Women may not need permission from HC to abort foetuses with serious abnormalities
Registered medical practitioners can medically terminate such pregnancies, irrespective of its length — although the Medical Termination of Pregnancies Act, 1971, prescribes a limit of 20 weeks for aborting the foetus in such casesmumbai Updated: Jan 15, 2018 13:20 IST
Now, pregnant women may not have to obtain permission from a high court for aborting foetuses having serious abnormalities or pregnancies posing a threat to the mother.
Registered medical practitioners can medically terminate such pregnancies, irrespective of its length — although the Medical Termination of Pregnancies Act, 1971, prescribes a limit of 20 weeks for aborting the foetus in such cases, according to a ruling by the Bombay high court.
In the important ruling, the HC on January 9 interpreted provisions of the 1971 enactment and held that an emergency provision contained in Section 5 of the Act can be invoked if the conditions laid down in Section 3 for abortion were fulfilled.
Under the MTP Act, a pregnancy can be terminated only when a medical practitioner is satisfied that its continuance poses a risk to the life or health of the pregnant woman or when there is a substantial risk that the child would be seriously handicapped. The Act also lays down maximum limit of 20 weeks for the length of pregnancy, thus completely prohibiting medical termination of a pregnancy more than 20 weeks in length.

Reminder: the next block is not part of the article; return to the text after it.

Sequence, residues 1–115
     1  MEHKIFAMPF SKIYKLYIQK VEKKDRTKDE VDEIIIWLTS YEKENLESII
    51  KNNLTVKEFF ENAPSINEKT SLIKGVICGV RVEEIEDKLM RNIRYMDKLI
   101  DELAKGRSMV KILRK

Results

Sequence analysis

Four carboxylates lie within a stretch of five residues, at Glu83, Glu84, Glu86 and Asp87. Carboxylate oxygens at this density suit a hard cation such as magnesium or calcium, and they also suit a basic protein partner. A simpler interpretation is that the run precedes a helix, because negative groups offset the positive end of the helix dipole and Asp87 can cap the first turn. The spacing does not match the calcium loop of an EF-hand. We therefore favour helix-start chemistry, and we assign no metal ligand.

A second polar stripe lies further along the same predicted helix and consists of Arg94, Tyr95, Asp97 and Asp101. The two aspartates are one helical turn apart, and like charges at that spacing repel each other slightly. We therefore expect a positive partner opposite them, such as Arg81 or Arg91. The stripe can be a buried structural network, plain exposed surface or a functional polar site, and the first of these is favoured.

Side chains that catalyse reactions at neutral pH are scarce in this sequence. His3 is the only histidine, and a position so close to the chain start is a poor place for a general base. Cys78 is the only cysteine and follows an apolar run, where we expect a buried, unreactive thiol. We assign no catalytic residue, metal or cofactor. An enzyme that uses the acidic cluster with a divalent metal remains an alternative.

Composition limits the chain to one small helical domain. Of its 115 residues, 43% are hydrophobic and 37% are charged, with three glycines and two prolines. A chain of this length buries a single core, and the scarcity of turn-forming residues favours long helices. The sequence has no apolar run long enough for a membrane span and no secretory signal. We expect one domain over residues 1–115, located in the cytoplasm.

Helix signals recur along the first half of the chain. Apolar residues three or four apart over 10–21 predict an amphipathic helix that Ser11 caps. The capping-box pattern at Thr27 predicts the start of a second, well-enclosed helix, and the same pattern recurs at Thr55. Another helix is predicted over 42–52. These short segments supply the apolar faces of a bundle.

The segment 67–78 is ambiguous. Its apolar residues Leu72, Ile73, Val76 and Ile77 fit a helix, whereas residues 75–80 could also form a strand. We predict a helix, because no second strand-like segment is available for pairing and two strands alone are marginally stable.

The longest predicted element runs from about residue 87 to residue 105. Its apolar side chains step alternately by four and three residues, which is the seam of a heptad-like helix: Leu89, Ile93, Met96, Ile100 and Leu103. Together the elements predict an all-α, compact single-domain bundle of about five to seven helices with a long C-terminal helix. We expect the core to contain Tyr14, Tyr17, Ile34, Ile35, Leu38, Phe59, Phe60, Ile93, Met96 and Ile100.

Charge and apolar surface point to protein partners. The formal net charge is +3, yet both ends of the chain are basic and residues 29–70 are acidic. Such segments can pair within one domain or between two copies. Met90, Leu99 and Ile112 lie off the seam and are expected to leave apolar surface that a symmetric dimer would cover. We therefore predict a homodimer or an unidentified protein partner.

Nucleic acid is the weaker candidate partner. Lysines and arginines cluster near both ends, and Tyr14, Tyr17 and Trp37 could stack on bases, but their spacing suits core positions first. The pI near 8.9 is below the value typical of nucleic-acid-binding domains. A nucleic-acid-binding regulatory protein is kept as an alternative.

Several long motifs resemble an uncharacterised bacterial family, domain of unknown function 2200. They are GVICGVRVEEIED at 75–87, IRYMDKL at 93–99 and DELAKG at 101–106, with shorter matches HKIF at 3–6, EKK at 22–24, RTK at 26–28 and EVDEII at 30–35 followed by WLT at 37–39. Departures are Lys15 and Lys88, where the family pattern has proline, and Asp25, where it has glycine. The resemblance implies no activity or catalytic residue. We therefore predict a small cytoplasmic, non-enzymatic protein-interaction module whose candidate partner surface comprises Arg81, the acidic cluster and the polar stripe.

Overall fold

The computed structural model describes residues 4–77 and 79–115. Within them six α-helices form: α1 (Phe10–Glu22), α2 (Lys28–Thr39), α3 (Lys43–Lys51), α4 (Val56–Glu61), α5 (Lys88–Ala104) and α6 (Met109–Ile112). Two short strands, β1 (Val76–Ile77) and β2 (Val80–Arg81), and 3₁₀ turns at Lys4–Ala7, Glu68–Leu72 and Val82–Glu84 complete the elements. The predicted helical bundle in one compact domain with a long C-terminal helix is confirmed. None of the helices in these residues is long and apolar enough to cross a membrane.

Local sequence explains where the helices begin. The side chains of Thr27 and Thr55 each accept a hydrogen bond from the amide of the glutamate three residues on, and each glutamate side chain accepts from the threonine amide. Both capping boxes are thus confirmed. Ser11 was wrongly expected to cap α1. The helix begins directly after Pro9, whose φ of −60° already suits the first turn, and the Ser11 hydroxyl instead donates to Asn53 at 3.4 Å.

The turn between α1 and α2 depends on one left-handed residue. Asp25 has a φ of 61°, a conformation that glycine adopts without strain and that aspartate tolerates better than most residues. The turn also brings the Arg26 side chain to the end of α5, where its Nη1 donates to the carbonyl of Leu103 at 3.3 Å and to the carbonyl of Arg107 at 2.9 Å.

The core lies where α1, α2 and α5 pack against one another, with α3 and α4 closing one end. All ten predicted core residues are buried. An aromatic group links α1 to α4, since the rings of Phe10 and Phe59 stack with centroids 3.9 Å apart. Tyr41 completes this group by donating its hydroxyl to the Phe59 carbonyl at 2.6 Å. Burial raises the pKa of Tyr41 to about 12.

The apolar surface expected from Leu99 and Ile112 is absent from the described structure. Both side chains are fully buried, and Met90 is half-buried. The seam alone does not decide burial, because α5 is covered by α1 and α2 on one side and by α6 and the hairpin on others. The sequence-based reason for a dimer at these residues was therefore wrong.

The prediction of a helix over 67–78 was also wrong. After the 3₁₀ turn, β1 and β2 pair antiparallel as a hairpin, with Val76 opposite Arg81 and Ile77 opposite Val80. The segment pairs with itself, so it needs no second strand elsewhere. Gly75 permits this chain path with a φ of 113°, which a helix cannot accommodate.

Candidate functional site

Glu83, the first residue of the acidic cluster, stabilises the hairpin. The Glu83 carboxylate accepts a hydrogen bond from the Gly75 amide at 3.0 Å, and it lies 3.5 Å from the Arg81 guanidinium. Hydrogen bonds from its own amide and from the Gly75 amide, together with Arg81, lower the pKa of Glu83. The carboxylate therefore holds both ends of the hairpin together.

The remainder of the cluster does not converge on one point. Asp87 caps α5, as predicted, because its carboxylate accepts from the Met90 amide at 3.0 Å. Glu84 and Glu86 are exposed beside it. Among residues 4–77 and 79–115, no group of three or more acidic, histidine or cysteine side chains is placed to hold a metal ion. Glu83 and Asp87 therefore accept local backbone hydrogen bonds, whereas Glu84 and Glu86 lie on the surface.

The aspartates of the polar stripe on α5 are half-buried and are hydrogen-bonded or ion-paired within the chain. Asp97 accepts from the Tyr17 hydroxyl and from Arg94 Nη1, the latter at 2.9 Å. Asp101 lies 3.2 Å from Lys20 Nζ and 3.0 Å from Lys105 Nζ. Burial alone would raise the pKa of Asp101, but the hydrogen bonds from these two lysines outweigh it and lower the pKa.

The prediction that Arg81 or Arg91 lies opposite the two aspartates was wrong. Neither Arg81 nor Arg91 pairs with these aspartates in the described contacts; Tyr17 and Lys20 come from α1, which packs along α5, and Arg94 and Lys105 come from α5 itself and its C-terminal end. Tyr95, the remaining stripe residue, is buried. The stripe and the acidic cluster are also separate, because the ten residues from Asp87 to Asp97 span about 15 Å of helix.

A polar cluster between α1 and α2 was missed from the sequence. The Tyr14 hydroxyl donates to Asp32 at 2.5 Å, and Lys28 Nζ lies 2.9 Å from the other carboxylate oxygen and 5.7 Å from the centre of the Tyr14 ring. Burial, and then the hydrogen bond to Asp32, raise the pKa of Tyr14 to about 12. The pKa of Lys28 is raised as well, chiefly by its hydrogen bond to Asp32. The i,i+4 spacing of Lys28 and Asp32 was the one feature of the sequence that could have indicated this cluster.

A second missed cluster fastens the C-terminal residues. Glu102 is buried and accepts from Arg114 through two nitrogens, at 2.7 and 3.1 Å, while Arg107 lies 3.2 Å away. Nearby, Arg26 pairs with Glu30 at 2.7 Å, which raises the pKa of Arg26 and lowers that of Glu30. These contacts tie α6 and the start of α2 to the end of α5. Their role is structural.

Section 5 of the Act however, lays down an exception.
On January 9, a division bench of Justice RM Borde and Justice Rajesh Ketkar held that, “It would be logical to conclude that the contingencies referred in Clauses (i) and (ii) of subsection (2)(b) of Section 3 will have to be read in Section 5 of the Act of 1971.”
“The contingencies laid down in Clauses (i) and (ii) of subsection (2)(b) of Section 3 shall therefore equally apply to the request of a pregnant woman seeking permission to terminate the pregnancy beyond 20 weeks and accordingly Section 5(1) will have to be construed, to meet the object and purpose of enactment and to promote cause of justice,” it said.